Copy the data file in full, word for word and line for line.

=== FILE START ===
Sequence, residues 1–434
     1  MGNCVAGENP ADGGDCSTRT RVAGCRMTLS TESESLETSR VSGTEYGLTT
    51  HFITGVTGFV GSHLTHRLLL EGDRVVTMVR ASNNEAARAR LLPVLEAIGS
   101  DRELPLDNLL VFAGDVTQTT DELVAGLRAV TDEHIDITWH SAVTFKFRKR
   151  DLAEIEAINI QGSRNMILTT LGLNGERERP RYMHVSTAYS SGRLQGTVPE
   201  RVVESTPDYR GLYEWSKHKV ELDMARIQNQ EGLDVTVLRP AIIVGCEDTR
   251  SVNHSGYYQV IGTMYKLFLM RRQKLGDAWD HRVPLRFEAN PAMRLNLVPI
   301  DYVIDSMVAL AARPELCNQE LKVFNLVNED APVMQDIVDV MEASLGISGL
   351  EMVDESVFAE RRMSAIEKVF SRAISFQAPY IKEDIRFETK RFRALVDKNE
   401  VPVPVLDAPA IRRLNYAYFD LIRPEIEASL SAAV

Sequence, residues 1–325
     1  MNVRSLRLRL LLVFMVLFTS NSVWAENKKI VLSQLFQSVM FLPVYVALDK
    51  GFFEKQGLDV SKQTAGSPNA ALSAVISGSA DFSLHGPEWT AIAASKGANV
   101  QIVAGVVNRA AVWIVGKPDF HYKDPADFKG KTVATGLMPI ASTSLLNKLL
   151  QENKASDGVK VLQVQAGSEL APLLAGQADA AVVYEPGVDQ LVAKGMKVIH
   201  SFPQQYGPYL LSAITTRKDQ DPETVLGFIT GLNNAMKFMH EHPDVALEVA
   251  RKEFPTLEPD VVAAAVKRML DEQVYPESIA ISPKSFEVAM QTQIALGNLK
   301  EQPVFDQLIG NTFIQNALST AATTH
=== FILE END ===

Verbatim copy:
Sequence, residues 1–434
     1  MGNCVAGENP ADGGDCSTRT RVAGCRMTLS TESESLETSR VSGTEYGLTT
    51  HFITGVTGFV GSHLTHRLLL EGDRVVTMVR ASNNEAARAR LLPVLEAIGS
   101  DRELPLDNLL VFAGDVTQTT DELVAGLRAV TDEHIDITWH SAVTFKFRKR
   151  DLAEIEAINI QGSRNMILTT LGLNGERERP RYMHVSTAYS SGRLQGTVPE
   201  RVVESTPDYR GLYEWSKHKV ELDMARIQNQ EGLDVTVLRP AIIVGCEDTR
   251  SVNHSGYYQV IGTMYKLFLM RRQKLGDAWD HRVPLRFEAN PAMRLNLVPI
   301  DYVIDSMVAL AARPELCNQE LKVFNLVNED APVMQDIVDV MEASLGISGL
   351  EMVDESVFAE RRMSAIEKVF SRAISFQAPY IKEDIRFETK RFRALVDKNE
   401  VPVPVLDAPA IRRLNYAYFD LIRPEIEASL SAAV

Sequence, residues 1–325
     1  MNVRSLRLRL LLVFMVLFTS NSVWAENKKI VLSQLFQSVM FLPVYVALDK
    51  GFFEKQGLDV SKQTAGSPNA ALSAVISGSA DFSLHGPEWT AIAASKGANV
   101  QIVAGVVNRA AVWIVGKPDF HYKDPADFKG KTVATGLMPI ASTSLLNKLL
   151  QENKASDGVK VLQVQAGSEL APLLAGQADA AVVYEPGVDQ LVAKGMKVIH
   201  SFPQQYGPYL LSAITTRKDQ DPETVLGFIT GLNNAMKFMH EHPDVALEVA
   251  RKEFPTLEPD VVAAAVKRML DEQVYPESIA ISPKSFEVAM QTQIALGNLK
   301  EQPVFDQLIG NTFIQNALST AATTH